The export of made-in-Nigeria products in the West African sub-region has become less competitive according to the President, Manufacturers Association of Nigeria (MAN), Mansur Ahmed. He made this remark in a statement seen by Nairametrics.
According to Ahmed, MAN members are losing market share daily to other African countries due to the closure of the border, as the sub-region has now become less competitive.
“Major manufacturers of beverages, polypropylene bags, tobacco, cement, toiletries, and cosmetics industries were losing markets they had worked very hard to secure in the West and Central African region.
“These manufacturers were hoping to leverage their market share to secure a strong position in the African Continental Free Trade Area, which kicks off in January 2021.
“Since the closure, the association has conducted a research with its members, the outcome is that some sectors had considerable increase in their productivity, while some sectors recorded sharp decline.”
He emphasized that the export group of the association clearly suffered huge losses due to logistics issues occasioned by the closure, as it takes an average of 8 weeks for the carriers to ship and truck goods within countries in the same region vis-à-vis trucking through the land border, which takes an average of 7 to 10 days.
“The increased traffic through our seaport as a result of the closure has increased the perennial congestion at the Apapa and Tin Can Island Ports, leading to greater challenges for exporters and increased demurrage cost, as well as other port levies,” he added.
What it means
Nigeria’s President Buhari recently signed the Africa Continental Free Trade Agreement exposing local Nigerian manufacturers to the regional competition.
- Whilst border closures impact positively on local markets due to restrictions on imports, it is unhealthy for local businesses looking to export across borders to regional African countries.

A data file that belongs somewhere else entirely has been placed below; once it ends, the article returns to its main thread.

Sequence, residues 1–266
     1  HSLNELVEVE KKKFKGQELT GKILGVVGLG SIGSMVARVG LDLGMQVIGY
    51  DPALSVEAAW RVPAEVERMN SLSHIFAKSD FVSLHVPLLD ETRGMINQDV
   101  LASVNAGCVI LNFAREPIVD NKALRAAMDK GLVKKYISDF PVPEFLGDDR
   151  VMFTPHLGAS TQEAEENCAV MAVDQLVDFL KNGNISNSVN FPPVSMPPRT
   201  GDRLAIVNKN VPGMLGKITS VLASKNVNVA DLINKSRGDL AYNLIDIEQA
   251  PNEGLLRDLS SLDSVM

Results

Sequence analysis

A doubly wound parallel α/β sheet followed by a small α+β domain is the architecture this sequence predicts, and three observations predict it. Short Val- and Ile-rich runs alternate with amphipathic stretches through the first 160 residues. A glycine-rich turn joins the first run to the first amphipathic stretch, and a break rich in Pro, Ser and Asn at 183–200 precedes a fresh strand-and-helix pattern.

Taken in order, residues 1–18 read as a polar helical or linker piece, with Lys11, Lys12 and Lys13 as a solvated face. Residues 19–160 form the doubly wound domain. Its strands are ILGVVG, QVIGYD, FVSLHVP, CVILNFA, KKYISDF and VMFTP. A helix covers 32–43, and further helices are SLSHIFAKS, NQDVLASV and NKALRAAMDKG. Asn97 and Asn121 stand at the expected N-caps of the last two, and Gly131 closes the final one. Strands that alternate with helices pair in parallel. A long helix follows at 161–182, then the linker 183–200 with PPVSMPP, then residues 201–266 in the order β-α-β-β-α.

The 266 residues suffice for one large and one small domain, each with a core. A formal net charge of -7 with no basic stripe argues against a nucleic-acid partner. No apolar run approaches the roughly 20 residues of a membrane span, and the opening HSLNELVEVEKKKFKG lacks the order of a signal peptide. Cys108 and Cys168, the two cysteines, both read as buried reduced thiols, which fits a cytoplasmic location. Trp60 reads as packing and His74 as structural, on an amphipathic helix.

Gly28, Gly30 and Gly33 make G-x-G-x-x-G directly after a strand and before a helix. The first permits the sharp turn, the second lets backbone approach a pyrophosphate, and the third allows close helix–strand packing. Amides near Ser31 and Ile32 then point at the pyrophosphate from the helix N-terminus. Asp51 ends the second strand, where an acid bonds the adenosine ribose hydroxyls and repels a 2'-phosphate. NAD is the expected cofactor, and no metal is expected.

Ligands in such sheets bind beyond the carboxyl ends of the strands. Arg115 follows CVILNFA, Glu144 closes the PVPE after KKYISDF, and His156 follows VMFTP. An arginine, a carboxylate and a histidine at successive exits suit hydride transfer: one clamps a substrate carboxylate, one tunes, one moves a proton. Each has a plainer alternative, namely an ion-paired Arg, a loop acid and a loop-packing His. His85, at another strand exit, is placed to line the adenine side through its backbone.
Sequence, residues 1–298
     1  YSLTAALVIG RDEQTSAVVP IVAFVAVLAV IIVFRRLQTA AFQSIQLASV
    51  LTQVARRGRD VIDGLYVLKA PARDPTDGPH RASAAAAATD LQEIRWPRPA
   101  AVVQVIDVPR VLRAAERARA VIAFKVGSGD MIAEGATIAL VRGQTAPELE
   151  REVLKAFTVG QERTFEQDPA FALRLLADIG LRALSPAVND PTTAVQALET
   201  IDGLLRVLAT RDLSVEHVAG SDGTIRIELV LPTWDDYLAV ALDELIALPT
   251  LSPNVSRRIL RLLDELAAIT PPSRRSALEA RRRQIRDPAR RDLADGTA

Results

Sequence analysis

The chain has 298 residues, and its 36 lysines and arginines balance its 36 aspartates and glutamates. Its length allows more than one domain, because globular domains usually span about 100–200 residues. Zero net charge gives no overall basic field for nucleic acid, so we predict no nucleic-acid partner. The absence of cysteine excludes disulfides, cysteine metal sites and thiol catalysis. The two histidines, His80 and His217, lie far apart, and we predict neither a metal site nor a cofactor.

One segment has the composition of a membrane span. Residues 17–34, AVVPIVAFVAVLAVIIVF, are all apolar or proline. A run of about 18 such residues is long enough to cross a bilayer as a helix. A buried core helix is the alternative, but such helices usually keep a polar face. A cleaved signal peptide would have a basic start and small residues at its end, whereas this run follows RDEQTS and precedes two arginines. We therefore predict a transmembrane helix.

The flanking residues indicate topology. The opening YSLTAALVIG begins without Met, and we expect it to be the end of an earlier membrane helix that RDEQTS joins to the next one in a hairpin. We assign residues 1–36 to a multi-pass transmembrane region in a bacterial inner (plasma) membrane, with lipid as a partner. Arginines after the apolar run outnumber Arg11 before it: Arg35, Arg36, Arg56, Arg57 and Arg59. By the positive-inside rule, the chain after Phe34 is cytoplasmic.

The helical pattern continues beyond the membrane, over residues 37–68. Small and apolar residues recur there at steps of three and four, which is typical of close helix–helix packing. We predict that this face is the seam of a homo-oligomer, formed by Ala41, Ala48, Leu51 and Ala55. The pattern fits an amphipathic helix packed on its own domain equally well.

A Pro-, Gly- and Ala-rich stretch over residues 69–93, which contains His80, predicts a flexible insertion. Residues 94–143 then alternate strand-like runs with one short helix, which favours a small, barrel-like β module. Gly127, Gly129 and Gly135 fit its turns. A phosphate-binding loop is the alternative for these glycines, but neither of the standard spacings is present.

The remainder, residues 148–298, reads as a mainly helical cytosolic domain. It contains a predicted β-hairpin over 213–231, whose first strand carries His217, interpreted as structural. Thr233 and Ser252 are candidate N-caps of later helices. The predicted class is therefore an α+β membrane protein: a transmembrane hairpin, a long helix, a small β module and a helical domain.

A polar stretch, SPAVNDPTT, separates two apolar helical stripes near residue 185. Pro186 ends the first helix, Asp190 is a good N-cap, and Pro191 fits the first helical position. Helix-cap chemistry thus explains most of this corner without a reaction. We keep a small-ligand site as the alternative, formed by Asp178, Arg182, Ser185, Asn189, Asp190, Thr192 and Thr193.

Explore Data on the Nairametrics Research Website
AfCFTA: African Customs Officials to draft free trade continental guidelines
Customs officials from around Africa gave a nod to the adoption of continental guidelines to facilitate the free flow of cross-border trade.
The African Continental Free Trade Area (AfCFTA) got closer to actualization on Saturday as Customs officials in the continent agreed to draft continental guidelines to enable the movement of goods, services and people for the agreement.
This was disclosed by the UN Economic Commission for Africa on Saturday evening.
“Liberalization of 90% of tariff lines will affect customs revenues. About 85% of import come from outside Africa, leaving about 15% from the continent, but the agreement is an opportunity for Nigeria to boost exports and production,” the Customs Service disclosed at the AfCFTA Sensitization Seminar.
The joint adoption of a continental customs guidelines comes a few weeks before the AfCFTA kicks off in January 2021.
The meeting organized by the African Union Commission (AUC) virtually was attended by Customs Chiefs in Africa, who agreed to implement measures to facilitate cross-border trading challenges heightened by the covid-19 pandemic.
The Director of Regional Integration and Trade, UN Economic Commission for Africa, Stephen Karingi, disclosed that the guidelines were drafted to boost coordination and implementations of a common customs guideline covering areas including transport and infrastructure and others.
“The aim is to have the continental guidelines in place early next year to reinforce start of trading under the AfCFTA,” he said.
The guidelines cover a number of new sub-sections to respond to specific gaps in existing rules, including the regulation of small-scale cross-border trade and cross-border trade by fishermen, gender considerations, and treatment of essential workers, including transport and humanitarian workers.
“Once in force, the continental guidelines are expected to ensure a harmonized approach to support smooth and safe trade amid the pandemic, including transit trade between RECs,” said Hussein Hassan, AUC’s Acting Director for Trade and Industry.
What you should know
The African Continental Free Trade Area (AfCFTA) is one of the biggest free-trade agreements in the world right now with a potential market of 1.2 billion people and a combined gross domestic product of $2.5 trillion
The Federal Government announced that it has ratified Nigeria’s membership to the African Continental Free Trade Area (AfCFTA), ahead of the December 5, 2020 deadline. The agreement goes into effect from the 1st of January 2021.
Nairametrics reported in September that the Nigerian Customs said the facilitation of trade requirements ranging from Pre-Arrival processes to Electronic Payments of duties would be important for the AfCFTA implementation for Nigeria.